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Kyle Frederick (from the album Silence You Ravens on Melody Chef Records) (by Lee Zimmerman)
There’s something to be said for the power of a single voice and solo guitar as far as expressing emotion, concern, or consternation. In Kyle Frederick’s case, the proof is in his new LP, Silence, You Ravens, his seventh album to date and, surprisingly perhaps, his most emphatic outing to date. While Kyle Frederick alone is responsible for all the music — he forgoes any overdubs or additional musicians — he still manages to convey subtle variations in tone and texture. Longtime co-producer Byron House, who’s worked with Frederick for over 30 years, is partly responsible, but the fact that the new album avoids the usual fragile ‘folk-isms’ that usually accompany this same sort of set-up is a credit to its creator entirely.
That said, there’s little shift in the spectrum of the sound overall. Songs such as “Next Time”, “I’m Happy”, “A Beautiful Scar”, and “Winnowing” reflect an unassuming, matter-of-fact attitude that seems practically nonchalant given Frederick’s focus on relaying his personal perspective. Nevertheless, “Lunch at Auschwitz” sounds like something Bruce Cockburn might rail on about, while “Pocket Full of Minutes” ups the anticipation to a heightened degree. “Planet Nine” tells the tale of a well-to-do Everyman, as shared with a certain sardonic edge, one that brings to mind Ray Davies “Well Respected Man” or Paul Simon’s “Richard Cory”.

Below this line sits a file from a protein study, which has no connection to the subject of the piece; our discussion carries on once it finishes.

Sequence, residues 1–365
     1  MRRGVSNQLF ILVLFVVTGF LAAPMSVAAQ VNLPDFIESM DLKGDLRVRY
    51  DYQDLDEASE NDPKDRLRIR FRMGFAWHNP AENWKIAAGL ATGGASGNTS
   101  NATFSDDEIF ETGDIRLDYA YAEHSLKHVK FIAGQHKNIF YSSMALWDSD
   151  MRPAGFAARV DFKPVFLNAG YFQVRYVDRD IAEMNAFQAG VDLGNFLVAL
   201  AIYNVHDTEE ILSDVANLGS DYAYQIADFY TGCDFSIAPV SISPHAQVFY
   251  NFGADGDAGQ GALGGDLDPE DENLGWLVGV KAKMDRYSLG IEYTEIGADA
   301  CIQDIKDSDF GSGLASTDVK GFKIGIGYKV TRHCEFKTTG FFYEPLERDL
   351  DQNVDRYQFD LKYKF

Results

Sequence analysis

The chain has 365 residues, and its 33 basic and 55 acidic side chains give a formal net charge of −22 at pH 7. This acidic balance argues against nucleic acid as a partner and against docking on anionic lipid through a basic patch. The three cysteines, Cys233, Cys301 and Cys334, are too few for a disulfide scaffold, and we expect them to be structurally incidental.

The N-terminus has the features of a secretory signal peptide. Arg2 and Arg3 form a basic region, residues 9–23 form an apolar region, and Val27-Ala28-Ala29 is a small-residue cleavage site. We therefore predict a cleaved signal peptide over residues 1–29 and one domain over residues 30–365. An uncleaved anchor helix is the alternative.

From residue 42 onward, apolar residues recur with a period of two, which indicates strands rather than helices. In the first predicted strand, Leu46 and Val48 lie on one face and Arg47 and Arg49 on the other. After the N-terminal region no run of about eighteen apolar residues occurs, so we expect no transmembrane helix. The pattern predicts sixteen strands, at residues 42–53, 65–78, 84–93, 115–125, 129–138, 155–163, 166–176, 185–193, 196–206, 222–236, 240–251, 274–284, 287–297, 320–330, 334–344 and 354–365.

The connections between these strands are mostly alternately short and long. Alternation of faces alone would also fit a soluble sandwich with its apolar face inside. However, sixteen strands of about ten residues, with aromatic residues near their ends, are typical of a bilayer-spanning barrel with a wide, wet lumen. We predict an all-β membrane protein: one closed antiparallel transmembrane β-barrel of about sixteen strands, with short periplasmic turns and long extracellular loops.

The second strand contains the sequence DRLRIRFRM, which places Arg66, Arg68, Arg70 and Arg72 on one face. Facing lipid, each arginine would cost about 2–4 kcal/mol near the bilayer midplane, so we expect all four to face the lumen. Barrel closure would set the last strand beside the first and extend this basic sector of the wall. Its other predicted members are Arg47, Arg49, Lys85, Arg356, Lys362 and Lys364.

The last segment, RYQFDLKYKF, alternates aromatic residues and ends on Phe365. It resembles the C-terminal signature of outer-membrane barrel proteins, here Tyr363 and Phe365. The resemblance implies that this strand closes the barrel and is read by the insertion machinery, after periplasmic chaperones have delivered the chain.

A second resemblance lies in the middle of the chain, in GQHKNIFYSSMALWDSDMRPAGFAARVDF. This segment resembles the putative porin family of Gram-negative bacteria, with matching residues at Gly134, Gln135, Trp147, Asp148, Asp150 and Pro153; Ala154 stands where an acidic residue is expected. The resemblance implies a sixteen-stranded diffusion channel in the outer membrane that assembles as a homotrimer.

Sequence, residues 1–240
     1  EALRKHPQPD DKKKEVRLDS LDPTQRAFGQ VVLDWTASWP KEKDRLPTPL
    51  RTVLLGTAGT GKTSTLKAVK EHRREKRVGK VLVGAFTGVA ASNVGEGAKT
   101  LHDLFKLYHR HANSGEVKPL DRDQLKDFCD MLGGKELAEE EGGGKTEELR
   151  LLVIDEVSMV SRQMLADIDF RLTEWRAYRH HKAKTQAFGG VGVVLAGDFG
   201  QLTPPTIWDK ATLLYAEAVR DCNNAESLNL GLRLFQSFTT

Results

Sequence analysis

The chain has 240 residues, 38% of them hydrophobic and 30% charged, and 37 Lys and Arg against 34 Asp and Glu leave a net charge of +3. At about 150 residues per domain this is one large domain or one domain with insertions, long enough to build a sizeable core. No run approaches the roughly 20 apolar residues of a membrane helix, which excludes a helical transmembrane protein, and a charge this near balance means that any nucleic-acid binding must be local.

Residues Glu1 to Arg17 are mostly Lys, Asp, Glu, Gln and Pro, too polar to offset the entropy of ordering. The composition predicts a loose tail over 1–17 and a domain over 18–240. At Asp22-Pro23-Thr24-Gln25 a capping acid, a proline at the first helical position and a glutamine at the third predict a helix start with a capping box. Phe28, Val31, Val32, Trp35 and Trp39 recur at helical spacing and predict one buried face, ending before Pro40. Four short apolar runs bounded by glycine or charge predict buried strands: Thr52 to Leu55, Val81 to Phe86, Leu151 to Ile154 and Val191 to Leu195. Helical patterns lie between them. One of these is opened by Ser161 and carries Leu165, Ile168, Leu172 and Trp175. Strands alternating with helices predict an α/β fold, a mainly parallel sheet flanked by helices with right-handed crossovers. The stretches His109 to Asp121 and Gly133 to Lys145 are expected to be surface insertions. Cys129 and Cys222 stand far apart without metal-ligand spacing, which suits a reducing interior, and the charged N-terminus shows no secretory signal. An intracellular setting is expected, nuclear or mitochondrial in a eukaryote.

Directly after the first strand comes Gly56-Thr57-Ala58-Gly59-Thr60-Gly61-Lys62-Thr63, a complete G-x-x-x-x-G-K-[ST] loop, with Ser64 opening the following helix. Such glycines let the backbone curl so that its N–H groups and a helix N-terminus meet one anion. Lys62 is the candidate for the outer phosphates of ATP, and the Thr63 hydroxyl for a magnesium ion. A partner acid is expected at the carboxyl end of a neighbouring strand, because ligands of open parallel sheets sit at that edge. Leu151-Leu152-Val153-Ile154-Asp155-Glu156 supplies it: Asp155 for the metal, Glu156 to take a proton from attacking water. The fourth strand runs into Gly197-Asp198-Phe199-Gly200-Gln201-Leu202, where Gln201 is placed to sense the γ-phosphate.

Still, for all its austere ambiance, Silence, You Ravens does have its occasional lighter moments. Closing track “Dear People Like Me” seems somewhat frivolous, especially compared to the sterner sentiments that pervade the album overall. So too, “Hail Fellow Well Met” takes a turn to singer/songwriter mode, more like a campfire serenade than the burning defiance that intrudes on the otherwise assertive critique that comes across through a selection like “Speaking English”.
Ultimately then, Kyle Frederick manages to avoid the usual tender tappings and all-too-common cliches that an otherwise tepid troubadour might fall victim to. As its title implies, Silence, You Ravens is a staunch and decidedly determined offering, one that leaves no doubt about its maker’s forthright intentions. It’s not exactly easy-listening, but so too, it’s not necessarily angst-inducing either. In other words, there’s little need for a raven’s rebuttal. (by Lee Zimmerman)
Listen and buy the music of Kyle Frederick from AMAZON
For more information, please visit the Kyle Frederick website
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